This method is ideal for quickly heating up leftovers as well, and using the stove also encourages recreating your leftovers, since you've already pulled out all your cooking utensils. Now you can get creative and make an entirely new meal that will take you less time than your original creation.
Use Cold Water to Defrost Meat
If you are one of those people (like me) who forgets to take the meat out of the freezer the night before you want to cook it, you can use the cold water method. It might not be as fast as using a microwave, but it will thaw the meat more evenly. Put the meat in a watertight bag and submerse it in cold water. Make sure the water stays cold, and if the meat takes longer than 30 minutes to defrost, be sure to change the water to keep it cool. It really depends on the size and how frozen the meat is. It could take close to an hour, but you could use that time to make other preparations as well.
To speed up the process, you can put the meat under running cold water and flip it from side to side, though this does waste more water. Someone recently suggested putting the meat in a washing machine in cold water on the gentle cycle, since it's the agitation that helps defrost the meat faster. I've yet to try this method, but if you are going to venture out, I'd say just be careful and keep the lid open so you can watch the meat and stop it before the spin cycle — that could be quite a mess in the end. Either way, make sure to use cold water and change it often if you are soaking larger quantities.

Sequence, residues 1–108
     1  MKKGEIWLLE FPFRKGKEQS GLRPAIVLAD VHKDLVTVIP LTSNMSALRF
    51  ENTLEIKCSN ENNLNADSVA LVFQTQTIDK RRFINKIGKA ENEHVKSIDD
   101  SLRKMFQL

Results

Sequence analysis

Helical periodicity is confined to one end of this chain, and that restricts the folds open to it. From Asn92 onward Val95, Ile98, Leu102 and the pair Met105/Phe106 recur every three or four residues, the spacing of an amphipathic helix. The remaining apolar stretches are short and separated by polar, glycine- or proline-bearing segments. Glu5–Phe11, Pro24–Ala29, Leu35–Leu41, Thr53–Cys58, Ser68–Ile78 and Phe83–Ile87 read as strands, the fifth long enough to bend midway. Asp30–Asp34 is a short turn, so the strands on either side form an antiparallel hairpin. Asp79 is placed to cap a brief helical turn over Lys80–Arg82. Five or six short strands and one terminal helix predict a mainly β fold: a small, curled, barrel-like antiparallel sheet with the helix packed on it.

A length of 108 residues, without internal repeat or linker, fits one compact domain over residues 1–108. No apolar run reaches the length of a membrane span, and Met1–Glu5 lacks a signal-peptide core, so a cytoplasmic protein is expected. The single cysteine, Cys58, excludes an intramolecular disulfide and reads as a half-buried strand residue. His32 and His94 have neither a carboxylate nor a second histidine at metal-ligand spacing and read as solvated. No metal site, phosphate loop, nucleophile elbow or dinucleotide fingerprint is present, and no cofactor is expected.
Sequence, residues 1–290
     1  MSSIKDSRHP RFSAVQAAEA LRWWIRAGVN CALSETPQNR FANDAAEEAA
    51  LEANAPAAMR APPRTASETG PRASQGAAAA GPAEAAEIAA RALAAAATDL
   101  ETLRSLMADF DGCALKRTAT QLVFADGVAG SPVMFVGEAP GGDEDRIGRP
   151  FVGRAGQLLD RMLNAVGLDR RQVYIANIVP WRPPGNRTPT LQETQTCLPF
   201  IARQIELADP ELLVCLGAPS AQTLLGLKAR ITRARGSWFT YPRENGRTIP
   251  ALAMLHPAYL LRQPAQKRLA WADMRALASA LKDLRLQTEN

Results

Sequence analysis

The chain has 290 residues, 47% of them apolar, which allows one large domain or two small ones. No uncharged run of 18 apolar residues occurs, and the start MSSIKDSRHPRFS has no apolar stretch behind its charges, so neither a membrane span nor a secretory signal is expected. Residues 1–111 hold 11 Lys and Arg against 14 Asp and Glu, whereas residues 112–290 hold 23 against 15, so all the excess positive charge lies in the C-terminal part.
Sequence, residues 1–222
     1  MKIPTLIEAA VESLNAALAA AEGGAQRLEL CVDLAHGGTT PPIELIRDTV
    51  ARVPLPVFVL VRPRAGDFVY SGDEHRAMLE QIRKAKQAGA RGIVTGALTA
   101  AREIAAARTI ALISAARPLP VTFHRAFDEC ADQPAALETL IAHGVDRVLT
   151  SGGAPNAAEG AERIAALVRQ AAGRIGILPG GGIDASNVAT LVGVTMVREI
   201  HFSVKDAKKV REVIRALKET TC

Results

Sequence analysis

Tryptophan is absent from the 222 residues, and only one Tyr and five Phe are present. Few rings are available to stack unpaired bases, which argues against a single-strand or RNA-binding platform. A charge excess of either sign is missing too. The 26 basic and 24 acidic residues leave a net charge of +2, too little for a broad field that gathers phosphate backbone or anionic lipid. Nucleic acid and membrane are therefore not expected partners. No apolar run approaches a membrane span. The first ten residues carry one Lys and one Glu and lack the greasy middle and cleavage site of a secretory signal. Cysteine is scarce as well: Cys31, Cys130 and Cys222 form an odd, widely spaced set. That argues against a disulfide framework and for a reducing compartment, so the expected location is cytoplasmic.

Make Popcorn on the Stove
This is the one savory snack that comes to mind for my houseguests when they discover that there's no microwave in my kitchen. Our Senior Editor has the bases covered on how to make your own popcorn. I would only add that I've found that using a heavier pot works the best, and it's important to clean it completely if you are going for a second batch. Otherwise, the kernels tend to stick. Another advantage to consider is that you can get more creative with stovetop popcorn. Try adding some nutritional yeast instead of butter (another throwback from my vegan days). Or go exotic with a little curry powder and cinnamon. I'm a traditionalist for the most part, so I tend to just add salt. But the possibilities are endless when it doesn't come from a bag, not to mention healthier. How many times have you eaten an entire bag of popcorn? You can also control your portion sizes when you pop on the stove.
Ultimately, life without a microwave helps remind me how fast-paced life in our culture can be sometimes. Not having the convenience of the two-minute meal is a blessing if you think about it that way. Slowing down and savoring every part of the meal, from preparing it to eating it, is just one simple way to really appreciate and enjoy the rare moments of peace most of us get throughout the busy work week. And there are plenty of ways to do it without a microwave.